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So I am designing a 4th order lowpass filter using two biquadratic sections. I decided to split the gain evenly between both sections. After some calculations, one of the sections has a quality factor of 0.9 and the poles frequency is 1.65 kHz, the other has a quality factor of 4.6 and the poles frequency is 3.4 kHz. My question is, in terms of design, is there any difference the order in which I cascade the sections? Their quality factor is so different, I wonder if I should put first the lowest or the highest quality factor? What should be the criteria here?

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  • \$\begingroup\$ Also define your Passband ripple and error tolerances \$\endgroup\$ Oct 12, 2020 at 20:13
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    \$\begingroup\$ @TonyStewartSunnyskyguyEE75 The filter is fairly well made. All filters with passband ripple have low Q for low poles, and high Q for higher poles. If you'll plot OP's transfer function, you'll see a classic 2 dB ripple Chebyshev, even if the ripple is not quite stable (probably because of the one digit roundings). \$\endgroup\$ Oct 12, 2020 at 21:59
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    \$\begingroup\$ @aconcernedcitizen TY for your correct reply. Chebychev has higher Q latter stage ( and horrible GD distortion) Here 0.2dB ripple i.stack.imgur.com/f0KwT.png \$\endgroup\$ Oct 12, 2020 at 23:01

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Yes it does matter.

Your two sections are rather oddly matched, as Tony says. I presume you know you'll have quite a bit of passband ripple, and it's the right decision for your application.

If the high Q section is first, then high amplitude signals around the pole frequency will be amplified by the Q, and cause the amplifier to clip, i.e. become very non-linear.

The harmonic distortion caused by the clipping may be difficult to measure as it will be attenuated by both filter sections, but the intermodulation distortion will not. That is, tones at (say 3.3 and 3.5 kHz), both clipped, will produce a 200Hz component which will NOT be attenuated.

Put the low Q low frequency section first, and these tones will be attenuated by 12dB/octave, and they are 1 octave above its passband. That reduces their amplitude to about 1/4 before the second stage (Q = 4.6) would increase them about 4x.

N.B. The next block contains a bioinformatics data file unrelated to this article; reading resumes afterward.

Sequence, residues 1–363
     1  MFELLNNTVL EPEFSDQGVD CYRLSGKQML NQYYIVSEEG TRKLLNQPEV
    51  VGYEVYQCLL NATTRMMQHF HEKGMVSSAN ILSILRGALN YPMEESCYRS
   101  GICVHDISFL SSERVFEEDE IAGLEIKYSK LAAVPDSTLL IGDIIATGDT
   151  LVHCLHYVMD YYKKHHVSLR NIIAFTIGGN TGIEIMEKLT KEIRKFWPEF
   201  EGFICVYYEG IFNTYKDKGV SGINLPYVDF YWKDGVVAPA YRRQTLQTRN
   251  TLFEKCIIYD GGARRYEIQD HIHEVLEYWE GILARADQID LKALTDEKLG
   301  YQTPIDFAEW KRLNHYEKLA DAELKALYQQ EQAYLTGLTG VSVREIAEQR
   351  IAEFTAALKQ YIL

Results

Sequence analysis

So the low Q section first prevents the high Q section clipping.

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  • \$\begingroup\$ Yes the ripple in the passband is intentional, I'm implementing a Chebyshev filter.This was exactly the explanation I was looking for, i did suspect it might influence the "tendency" for the Opamps to saturate (or clip as you mentioned). Thank you! \$\endgroup\$ Oct 12, 2020 at 21:00
  • \$\begingroup\$ @GrangerObliviate Mathematically, it doesn't matter whether you have H1(s)*H2(s), or H2(s)*H1(s). In practice, this answer does it. (+1) \$\endgroup\$ Oct 12, 2020 at 21:51
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For what it's worth, not an answer but more detail than a comment.,

If there is a signal where Q is highest, and any chance of saturation, it would be better last, as stage 1 attenuates at Qmax(f). But in linear use , they are interchangeable as there are no loading effects between stages.

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These Biquad filter sections are linear so it should not matter ?! .Most of the time it will not matter ,the overall transfer function is the same .This linearity only applies when the opamps are within their voltage swing ranges .When clipping starts you will not get your classical transfer function .Is overload a problem ? where and how big are your unwanted signals ? think this stuff through for your application .I would put the low Q section first .

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